Mortgage rates managed to stay below the 4% threshold for another week, according to the latest Freddie Mac Primary Mortgage Market Survey.

Two weeks ago was the first time in five months that the 30-year mortgage rose above 4%, but it didn’t linger that high for long. Last week, the 30-year mortgage dropped back down for the start of 2016 as concerns about overseas economic developments dominated the financial markets.

This week brought similar news, according to Sean Becketti, chief economist with Freddie Mac.

“Long-term Treasury yields continue to drop, dragging mortgage rates down with them. Turbulence in overseas financial markets is generating a flight-to-quality which benefits U.S. Treasury securities,” said Becketti. “In addition, sagging oil prices are capping inflation expectations. The net effect on the 30-year mortgage rate was a 5 basis point drop to 3.92%.”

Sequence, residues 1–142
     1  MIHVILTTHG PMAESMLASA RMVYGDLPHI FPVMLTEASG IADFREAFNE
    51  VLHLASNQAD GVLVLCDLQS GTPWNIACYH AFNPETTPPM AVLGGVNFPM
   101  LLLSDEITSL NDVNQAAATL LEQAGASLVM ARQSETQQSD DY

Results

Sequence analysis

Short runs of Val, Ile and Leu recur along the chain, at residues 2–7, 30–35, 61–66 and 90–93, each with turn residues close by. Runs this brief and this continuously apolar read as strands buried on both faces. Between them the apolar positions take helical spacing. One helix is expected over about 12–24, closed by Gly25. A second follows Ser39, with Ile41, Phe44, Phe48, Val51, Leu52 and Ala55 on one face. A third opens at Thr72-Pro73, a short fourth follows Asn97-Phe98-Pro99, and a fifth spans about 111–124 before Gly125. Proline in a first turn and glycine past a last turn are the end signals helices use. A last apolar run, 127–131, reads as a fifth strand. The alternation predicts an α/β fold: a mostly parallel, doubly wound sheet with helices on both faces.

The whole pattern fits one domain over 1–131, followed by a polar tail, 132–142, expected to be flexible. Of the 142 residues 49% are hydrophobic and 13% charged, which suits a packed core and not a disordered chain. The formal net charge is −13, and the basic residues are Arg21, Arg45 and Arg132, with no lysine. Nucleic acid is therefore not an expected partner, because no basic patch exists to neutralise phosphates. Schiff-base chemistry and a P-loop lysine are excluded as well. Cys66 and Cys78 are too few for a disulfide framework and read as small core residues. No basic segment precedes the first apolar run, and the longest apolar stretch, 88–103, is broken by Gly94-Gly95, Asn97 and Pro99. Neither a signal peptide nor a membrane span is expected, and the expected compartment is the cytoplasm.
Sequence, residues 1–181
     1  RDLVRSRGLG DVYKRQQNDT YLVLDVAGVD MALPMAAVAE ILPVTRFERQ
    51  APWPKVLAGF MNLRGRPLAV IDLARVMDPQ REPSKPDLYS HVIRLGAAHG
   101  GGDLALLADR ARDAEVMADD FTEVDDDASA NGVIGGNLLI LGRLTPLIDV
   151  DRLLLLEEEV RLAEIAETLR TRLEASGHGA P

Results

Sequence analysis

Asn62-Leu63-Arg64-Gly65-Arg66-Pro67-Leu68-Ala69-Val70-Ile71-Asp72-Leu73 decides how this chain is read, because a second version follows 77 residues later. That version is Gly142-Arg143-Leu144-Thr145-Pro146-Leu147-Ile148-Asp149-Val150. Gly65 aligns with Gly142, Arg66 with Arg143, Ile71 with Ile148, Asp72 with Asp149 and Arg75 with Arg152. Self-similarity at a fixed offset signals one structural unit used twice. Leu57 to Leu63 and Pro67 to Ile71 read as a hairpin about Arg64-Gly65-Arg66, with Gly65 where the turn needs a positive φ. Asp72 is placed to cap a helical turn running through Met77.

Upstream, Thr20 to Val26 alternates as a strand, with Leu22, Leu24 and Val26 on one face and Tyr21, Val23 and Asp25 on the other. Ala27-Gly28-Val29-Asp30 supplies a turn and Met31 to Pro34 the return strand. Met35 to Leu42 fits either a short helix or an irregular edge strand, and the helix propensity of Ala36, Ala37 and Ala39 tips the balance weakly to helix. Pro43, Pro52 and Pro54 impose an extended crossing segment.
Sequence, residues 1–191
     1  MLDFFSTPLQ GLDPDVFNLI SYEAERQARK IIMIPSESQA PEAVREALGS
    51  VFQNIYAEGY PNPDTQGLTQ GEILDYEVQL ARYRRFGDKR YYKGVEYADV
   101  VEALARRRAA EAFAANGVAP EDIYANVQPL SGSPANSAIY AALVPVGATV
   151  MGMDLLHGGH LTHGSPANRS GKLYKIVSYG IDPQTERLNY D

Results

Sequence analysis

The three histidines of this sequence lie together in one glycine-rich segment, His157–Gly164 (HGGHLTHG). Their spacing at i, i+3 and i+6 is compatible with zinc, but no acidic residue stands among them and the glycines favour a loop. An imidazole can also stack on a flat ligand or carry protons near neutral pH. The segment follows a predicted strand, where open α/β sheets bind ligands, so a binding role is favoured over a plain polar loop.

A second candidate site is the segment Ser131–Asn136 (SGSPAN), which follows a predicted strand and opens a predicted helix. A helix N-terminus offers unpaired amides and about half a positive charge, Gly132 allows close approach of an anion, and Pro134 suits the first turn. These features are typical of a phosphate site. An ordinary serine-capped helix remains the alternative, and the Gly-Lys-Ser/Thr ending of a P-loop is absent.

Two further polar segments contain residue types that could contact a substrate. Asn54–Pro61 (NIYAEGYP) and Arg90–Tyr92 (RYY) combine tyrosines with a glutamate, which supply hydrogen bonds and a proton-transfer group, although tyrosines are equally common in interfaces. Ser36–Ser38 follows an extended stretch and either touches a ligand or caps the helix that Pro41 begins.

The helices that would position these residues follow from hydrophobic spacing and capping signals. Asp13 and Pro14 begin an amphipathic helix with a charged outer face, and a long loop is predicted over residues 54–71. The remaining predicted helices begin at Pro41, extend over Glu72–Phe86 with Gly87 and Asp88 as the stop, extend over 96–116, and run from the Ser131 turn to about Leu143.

For the week ending Jan. 14, the 30-year fixed-rate mortgage averaged 3.92%, down from last week when it averaged 3.97%. However, this is higher than a year ago at this time when the 30-year FRM averaged 3.66%. 

The 15-year FRM this week dropped from 3.26% to 3.19%. A year ago at this time, the 15-year FRM averaged 2.98%. 

In addition, the 5-year Treasury-indexed hybrid adjustable-rate mortgage averaged 3.01%, down from last week when it averaged 3.09 percent. In 2015, the 5-year ARM averaged 2.90%.

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(Source: Freddie Mac)